Automatically generating computer simulation models from business process models.

BRADSHAW, Mark. (2003). Automatically generating computer simulation models from business process models. Masters, Sheffield Hallam University (United Kingdom)..

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Abstract

In a modern business environment it is common place for organisations to use both Business Process Modelling and Simulation tools for a variety of business operations. Although these tools are used for different purposes, they are often used on the same projects, but at a different point in its lifecycle. Business Process Modelling is a static modelling tool, which is process orientated and models current business processes. Whilst Simulation is a dynamic modelling tool, which is system orientated, testing current and future operations. Although the modelling tools are different the process definition within both methods contain the same data. Currently that data is not reused and simulation modellers will often reproduce that information from scratch. Therefore a successful integration of the modelling methods would extend the capacity of Business Process Modelling tools and make Simulation more acceptable among reengineering practitioners. A literature review was carried out to identify the capacity of different modelling methodologies, identifying the variances between the modelling procedures and substantiate the need for an integrated solution. Based on the structured research programme, experimentation was undertaken evaluating the proposed method of integration. The results of the research were then documented, evaluating its advantages, disadvantages, limitations and the requirements for any future research. The research identified the potential of an integrated system and the problems that restrict a solution. From the experimentation it became apparent that integration of two software packages is a feasible option, and could potentially enhance both their capabilities.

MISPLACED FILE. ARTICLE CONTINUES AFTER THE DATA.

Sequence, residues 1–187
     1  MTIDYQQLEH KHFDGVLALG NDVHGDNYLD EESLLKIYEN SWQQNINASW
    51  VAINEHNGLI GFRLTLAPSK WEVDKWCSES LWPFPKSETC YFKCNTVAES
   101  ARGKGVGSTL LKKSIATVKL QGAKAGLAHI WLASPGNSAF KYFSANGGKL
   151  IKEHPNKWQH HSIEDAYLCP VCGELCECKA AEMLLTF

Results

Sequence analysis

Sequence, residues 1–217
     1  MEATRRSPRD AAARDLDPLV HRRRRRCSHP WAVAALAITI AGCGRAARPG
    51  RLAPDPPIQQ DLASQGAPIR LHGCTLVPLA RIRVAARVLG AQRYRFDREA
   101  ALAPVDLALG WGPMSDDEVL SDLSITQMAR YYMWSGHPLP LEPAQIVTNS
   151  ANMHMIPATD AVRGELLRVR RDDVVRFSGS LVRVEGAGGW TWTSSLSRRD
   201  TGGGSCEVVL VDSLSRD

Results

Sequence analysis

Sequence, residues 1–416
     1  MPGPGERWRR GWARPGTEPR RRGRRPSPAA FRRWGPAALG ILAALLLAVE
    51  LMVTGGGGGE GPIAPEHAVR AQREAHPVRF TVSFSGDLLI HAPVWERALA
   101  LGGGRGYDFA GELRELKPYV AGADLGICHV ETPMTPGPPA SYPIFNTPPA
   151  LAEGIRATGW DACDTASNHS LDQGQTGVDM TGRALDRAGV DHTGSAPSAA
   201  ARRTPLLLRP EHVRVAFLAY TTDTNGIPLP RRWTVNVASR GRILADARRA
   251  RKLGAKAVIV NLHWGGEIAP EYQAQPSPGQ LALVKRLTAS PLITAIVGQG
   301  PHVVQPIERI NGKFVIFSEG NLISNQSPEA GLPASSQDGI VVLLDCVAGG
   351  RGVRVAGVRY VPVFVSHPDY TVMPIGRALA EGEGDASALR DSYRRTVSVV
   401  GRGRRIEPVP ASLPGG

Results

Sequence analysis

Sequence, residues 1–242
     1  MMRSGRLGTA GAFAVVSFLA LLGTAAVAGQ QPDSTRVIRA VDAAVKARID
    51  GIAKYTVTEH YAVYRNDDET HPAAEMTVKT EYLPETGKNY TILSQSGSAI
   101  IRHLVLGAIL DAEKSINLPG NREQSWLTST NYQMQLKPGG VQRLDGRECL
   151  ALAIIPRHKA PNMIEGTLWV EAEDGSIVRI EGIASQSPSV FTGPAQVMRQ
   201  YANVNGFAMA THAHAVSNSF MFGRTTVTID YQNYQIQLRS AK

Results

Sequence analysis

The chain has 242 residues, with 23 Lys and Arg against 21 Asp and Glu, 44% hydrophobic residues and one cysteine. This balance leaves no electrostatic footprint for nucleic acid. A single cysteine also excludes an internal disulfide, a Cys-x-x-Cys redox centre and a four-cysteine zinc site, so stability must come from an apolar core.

Item Type: Thesis (Masters)
Additional Information: Thesis (Ph.D.)--Sheffield Hallam University (United Kingdom), 2003.
Research Institute, Centre or Group: Sheffield Hallam Doctoral Theses
Depositing User: EPrints Services
Date Deposited: 10 Apr 2018 17:18
Last Modified: 30 Apr 2018 22:19
URI: http://shura.shu.ac.uk/id/eprint/19389

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